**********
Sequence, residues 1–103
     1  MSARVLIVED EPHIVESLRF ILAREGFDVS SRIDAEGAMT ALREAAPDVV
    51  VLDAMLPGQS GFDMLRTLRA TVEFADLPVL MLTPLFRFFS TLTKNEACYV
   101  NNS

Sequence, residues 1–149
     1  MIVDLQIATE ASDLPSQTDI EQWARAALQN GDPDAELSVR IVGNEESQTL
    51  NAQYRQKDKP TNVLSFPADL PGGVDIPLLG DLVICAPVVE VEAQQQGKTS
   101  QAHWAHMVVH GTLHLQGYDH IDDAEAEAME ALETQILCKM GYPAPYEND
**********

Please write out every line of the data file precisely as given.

Sequence, residues 1–103
     1  MSARVLIVED EPHIVESLRF ILAREGFDVS SRIDAEGAMT ALREAAPDVV
    51  VLDAMLPGQS GFDMLRTLRA TVEFADLPVL MLTPLFRFFS TLTKNEACYV
   101  NNS

Sequence, residues 1–149
     1  MIVDLQIATE ASDLPSQTDI EQWARAALQN GDPDAELSVR IVGNEESQTL
    51  NAQYRQKDKP TNVLSFPADL PGGVDIPLLG DLVICAPVVE VEAQQQGKTS
   101  QAHWAHMVVH GTLHLQGYDH IDDAEAEAME ALETQILCKM GYPAPYEND